Oversight of Drug Pricing in Federal Programs
GAO-07-481T, Feb 9, 2007
Several federal programs help pay for or reduce the costs of prescription drugs for eligible individuals and entities. Three examples are the Medicaid drug rebate program, part of the joint federal-state Medicaid program that finances medical services for certain low-income people; the 340B drug pricing program, which provides discounted drug prices to certain eligible entities such as community health centers; and the Medicare Part D program, which provides a Medicare drug benefit for the elderly and certain disabled people. The price information drug manufacturers report under these federal programs affects related federal spending. Spending is also affected by the extent to which federal oversight ensures the accuracy of this information. GAO was asked to provide information related to the oversight of prescription drug pricing practices that affect these federal programs. This testimony focuses on the oversight of drug pricing related to the three programs and the implications for future congressional oversight. This testimony is based on recent GAO reports examining these programs and related work by the Department of Health and Human Services Office of Inspector General and others.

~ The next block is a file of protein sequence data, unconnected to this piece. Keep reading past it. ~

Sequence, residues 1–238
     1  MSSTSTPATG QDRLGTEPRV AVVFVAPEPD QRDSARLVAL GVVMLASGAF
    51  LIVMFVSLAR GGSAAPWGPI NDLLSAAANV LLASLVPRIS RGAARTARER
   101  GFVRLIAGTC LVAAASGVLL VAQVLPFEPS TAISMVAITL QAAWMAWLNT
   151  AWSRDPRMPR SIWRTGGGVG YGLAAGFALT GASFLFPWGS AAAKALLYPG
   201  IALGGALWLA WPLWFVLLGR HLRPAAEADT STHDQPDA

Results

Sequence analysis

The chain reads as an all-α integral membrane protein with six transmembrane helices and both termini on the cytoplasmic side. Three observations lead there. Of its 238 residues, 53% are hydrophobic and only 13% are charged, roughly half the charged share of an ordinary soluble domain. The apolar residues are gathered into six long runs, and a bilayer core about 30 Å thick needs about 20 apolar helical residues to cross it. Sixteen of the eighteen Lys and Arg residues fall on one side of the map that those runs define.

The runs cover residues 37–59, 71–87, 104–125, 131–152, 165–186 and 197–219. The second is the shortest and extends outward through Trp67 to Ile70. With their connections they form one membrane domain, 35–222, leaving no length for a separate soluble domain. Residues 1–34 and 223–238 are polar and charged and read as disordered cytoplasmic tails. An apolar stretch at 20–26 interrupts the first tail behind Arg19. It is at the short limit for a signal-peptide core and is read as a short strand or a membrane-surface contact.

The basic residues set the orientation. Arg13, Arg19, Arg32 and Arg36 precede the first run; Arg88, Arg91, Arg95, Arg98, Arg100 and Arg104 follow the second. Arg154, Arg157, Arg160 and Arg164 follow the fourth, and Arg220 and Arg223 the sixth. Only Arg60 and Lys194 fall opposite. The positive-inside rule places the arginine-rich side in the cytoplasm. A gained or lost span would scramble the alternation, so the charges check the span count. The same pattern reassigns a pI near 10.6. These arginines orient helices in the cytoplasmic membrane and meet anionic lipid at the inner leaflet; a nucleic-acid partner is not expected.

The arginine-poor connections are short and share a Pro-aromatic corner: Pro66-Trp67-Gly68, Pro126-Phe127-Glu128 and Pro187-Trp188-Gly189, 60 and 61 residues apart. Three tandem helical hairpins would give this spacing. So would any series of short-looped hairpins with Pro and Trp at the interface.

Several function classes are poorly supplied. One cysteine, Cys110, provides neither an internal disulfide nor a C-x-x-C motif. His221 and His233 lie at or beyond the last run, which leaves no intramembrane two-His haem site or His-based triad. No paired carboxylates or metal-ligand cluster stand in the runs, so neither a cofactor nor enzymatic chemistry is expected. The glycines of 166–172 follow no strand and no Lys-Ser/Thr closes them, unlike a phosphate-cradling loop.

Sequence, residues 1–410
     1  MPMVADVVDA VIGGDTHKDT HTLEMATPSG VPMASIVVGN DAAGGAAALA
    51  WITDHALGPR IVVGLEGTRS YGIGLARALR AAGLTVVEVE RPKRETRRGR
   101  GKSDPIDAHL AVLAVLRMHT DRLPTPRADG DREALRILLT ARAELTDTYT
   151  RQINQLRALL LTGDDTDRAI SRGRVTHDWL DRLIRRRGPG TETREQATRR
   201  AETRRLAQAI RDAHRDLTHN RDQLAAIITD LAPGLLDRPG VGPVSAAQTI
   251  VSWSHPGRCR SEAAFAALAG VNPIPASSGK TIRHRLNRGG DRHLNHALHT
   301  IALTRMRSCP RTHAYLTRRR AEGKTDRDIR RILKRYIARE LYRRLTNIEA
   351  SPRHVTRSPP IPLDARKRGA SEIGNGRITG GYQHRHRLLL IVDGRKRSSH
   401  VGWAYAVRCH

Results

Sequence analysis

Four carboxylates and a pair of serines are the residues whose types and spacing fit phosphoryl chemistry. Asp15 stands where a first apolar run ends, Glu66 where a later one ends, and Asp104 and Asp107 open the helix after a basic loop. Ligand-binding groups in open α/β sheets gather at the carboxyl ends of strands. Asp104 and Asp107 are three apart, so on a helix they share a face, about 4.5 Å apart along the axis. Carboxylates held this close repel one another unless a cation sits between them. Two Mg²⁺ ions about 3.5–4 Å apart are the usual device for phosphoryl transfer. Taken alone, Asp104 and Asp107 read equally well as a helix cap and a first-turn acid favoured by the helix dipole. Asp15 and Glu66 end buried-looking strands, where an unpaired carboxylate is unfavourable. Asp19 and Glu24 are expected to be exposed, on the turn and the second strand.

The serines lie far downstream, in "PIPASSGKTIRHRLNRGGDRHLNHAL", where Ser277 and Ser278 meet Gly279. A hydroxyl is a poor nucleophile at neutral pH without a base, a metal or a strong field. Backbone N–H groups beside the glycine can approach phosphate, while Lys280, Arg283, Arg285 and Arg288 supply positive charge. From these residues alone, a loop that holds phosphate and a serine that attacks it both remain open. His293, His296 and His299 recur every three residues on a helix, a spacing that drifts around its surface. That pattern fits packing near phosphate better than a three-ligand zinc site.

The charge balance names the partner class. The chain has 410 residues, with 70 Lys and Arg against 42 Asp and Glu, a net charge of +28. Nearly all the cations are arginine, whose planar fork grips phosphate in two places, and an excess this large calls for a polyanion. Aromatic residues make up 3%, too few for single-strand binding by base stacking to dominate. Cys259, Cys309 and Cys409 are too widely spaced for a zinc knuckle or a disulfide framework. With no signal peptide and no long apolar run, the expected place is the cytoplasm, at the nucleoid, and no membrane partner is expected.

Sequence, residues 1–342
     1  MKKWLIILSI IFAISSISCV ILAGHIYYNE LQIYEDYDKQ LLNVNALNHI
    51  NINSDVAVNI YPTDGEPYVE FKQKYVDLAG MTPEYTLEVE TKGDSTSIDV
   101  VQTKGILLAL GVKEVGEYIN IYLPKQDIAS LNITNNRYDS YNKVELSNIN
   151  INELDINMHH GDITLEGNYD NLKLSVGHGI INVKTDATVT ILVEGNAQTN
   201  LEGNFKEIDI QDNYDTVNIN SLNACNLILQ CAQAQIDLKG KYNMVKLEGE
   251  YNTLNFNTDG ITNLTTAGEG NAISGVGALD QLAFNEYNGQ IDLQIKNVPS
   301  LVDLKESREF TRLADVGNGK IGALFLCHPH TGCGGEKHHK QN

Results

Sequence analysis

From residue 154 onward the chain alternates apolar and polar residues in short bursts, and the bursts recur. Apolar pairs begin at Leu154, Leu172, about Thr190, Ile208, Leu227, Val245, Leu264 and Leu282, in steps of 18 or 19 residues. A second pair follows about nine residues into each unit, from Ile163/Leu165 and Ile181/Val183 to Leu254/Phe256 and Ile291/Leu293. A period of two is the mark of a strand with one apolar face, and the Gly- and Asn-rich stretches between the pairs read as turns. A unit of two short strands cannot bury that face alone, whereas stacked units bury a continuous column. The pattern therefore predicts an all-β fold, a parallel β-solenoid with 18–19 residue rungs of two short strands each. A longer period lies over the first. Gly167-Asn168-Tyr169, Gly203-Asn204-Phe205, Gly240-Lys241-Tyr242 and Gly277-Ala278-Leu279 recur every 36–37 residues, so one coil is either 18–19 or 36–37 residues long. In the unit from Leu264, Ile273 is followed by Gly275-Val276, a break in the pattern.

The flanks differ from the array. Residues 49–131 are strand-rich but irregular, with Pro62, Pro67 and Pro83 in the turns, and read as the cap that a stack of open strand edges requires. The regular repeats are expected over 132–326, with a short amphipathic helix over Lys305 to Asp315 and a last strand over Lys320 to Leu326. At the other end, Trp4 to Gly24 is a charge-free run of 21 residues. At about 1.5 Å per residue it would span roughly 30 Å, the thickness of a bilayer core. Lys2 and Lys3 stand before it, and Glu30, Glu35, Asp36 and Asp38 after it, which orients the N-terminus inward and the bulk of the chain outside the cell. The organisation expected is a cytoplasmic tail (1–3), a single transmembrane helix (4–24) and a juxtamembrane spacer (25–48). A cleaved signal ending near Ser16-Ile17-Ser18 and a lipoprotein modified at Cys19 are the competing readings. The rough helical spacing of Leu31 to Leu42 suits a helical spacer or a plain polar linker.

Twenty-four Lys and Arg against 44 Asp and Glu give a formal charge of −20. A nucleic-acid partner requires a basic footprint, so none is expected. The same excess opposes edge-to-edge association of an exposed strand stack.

Regarding the Medicaid drug rebate program, GAO and others have reported inadequacies in the Centers for Medicare & Medicaid Services' (CMS) oversight of the prices manufacturers report to CMS to determine the statutorily required rebates owed to states. For example, GAO and others have reported a lack of clarity in CMS's guidance to manufacturers for calculating these prices. Several recent legal settlements under which manufacturers agreed to pay hundreds of millions of dollars to states because they were alleged to report inaccurate prices to CMS highlight the potential for abuse under the program. CMS recently issued a proposed rule intended to provide more clarity to manufacturers in determining the prices they report. GAO and others have reported inadequacies in the Health Resources and Services Administration's (HRSA) oversight of the 340B drug pricing program and problems related to the lack of transparency in the maximum prices, called 340B prices, charged to eligible entities. GAO reported that HRSA did not routinely compare the prices actually paid by certain eligible entities with the 340B prices and that many of these eligible entities paid prices higher than the 340B prices. Because these prices are not disclosed to the entities, the entities are unable to determine whether the prices they pay are at or below these prices. In addition, because 340B prices are based on information reported by drug manufacturers for the Medicaid drug rebate program, inaccuracies under that program affect these prices. HRSA has made changes to its oversight of the program intended to address some of these concerns. The Medicare Part D program shares in common with other federal programs certain features that led to federal agency oversight challenges. For example, Part D relies on multiple private organizations to report to CMS certain price concessions from manufacturers, similar to the Medicaid drug rebate program. Also, Part D relies on CMS's oversight to ensure that price information reported to it by private organizations are accurate, similar to the Medicaid drug rebate and 340B drug pricing programs. Other features of Part D, such as its reliance on contracts with private insurers to provide drug coverage to beneficiaries through a complex set of relationships and transactions with private entities, also suggest potential oversight challenges. Oversight inadequacies, inaccurate prices, lack of price transparency, and the potential for abuse suggest areas the Committee may wish to consider as it develops its oversight agenda. The Committee may wish to consider the extent to which CMS and HRSA will systematically take steps to ensure the accuracy of prices reported and charged by private organizations that participate in federal programs. The Committee may also wish to consider the extent to which federal agencies will effectively monitor for and detect abuses in the reporting of drug price information that affect these three federal programs.